** Progress in Earth and Planetary Science is the official journal of Japan Geoscience Union (JpGU)
** Progress in Earth and Planetary Science is partly financially supported by a Grant-in-Aid for Publication of Scientific Research Results to enhance dissemination of information of scientific research.
Gallery View of PEPS Articles
Atmospheric and hydrospheric sciences
Impacts of cloud microphysics on trade wind cumulus: Which cloud microphysics processed contributes to the diversity in a large eddy simulation?
Sato Y, Nishizawa S, Yashiro H, Miyamoto Y, Kajikawa Y, Tomita H
Large eddy simulation, Shallow clouds
Liquid water mixing ratio of trade wind cumuls simulated by (red) spectral bin sheme, (green) 2-moment bulk scheme, (sky blue) 1-moment bulk scheme in this study. The Black line, thick grey shade, and thin grey shade indicates the median, the range between first quatile and third quatile, and the range between maximum and minimum value of the previous model intercomparison study.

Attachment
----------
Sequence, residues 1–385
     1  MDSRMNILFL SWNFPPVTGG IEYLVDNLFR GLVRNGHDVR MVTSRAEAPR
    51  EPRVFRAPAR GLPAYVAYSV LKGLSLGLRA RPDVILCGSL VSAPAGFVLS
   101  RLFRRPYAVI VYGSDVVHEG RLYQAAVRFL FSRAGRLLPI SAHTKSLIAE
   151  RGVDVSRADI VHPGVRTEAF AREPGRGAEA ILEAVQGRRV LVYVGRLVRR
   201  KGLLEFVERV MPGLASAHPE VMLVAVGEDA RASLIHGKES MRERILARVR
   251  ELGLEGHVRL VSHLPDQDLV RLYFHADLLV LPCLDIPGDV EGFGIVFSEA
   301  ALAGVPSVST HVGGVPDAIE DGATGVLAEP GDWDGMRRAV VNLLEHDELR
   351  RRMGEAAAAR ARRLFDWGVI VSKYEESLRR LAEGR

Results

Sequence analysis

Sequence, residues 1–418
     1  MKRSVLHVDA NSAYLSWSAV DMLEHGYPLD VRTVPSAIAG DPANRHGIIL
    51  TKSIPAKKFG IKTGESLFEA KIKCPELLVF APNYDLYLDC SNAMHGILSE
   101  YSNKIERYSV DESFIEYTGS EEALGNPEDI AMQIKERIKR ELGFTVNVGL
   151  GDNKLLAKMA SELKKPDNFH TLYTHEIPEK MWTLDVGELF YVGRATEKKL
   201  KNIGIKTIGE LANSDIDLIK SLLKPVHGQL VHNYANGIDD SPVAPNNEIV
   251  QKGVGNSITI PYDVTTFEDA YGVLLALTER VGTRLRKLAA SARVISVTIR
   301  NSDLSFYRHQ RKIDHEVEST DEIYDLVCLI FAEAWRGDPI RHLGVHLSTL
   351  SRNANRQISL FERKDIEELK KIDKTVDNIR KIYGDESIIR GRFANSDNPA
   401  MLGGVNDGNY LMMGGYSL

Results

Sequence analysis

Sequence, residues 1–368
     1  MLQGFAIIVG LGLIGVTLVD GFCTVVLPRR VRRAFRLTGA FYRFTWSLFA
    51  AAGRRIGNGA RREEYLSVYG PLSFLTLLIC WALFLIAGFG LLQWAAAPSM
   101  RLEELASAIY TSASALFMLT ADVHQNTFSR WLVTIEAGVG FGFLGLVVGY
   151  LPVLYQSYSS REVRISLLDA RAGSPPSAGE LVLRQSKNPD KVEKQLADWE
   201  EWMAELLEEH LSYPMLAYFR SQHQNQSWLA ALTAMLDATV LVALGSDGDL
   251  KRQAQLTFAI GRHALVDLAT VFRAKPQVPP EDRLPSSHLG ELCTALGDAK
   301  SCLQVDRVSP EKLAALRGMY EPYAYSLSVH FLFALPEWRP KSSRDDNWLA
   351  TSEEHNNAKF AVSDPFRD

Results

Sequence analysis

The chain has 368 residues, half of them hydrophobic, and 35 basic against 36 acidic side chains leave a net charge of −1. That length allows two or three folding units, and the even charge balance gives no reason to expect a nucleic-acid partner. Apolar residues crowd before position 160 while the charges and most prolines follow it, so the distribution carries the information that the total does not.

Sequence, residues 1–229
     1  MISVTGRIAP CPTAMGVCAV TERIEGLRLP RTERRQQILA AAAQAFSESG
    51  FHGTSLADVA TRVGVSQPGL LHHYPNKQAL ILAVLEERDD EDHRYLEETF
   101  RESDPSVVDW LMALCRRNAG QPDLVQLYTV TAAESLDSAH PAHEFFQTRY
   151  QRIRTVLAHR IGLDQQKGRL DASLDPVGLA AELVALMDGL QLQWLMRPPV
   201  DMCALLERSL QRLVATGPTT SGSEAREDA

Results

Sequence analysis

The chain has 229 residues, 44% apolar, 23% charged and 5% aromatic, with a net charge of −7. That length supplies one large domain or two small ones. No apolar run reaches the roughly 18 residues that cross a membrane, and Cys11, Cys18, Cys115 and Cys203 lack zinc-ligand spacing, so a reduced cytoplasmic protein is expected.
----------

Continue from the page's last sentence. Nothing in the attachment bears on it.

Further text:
This study investigated the impact of several cloud microphysical schemes on the trade wind cumulus in the large eddy simulation model. To highlight the differences due to the cloud microphysical component, we developed a fully compressible large eddy simulation model, which excluded the implicit scheme and approximations as much as possible. The three microphysical schemes, the one-moment bulk, two-moment bulk, and spectral bin schemes were used for sensitivity experiments in which the other components were fixed. Our new large eddy simulation model using a spectral bin scheme successfully reproduced trade wind cumuli, and reliable model performance was confirmed. Results of the sensitivity experiments indicated that precipitation simulated by the one-moment bulk scheme started earlier, and its total amount was larger than that of the other models. By contrast, precipitation simulated by the two-moment scheme started late, and its total amount was small. These results support those of a previous study. The analyses revealed that the expression of two processes, (1) the generation of cloud particles and (2) the conversion from small droplets to raindrops, were crucial to the results. The fast conversion from cloud to rain and the large amount of newly generated cloud particles at the cloud base led to evaporative cooling and subsequent stabilization in the sub-cloud layer. The latent heat released at higher layers by the condensation of cloud particles resulted in the development of the boundary layer top height.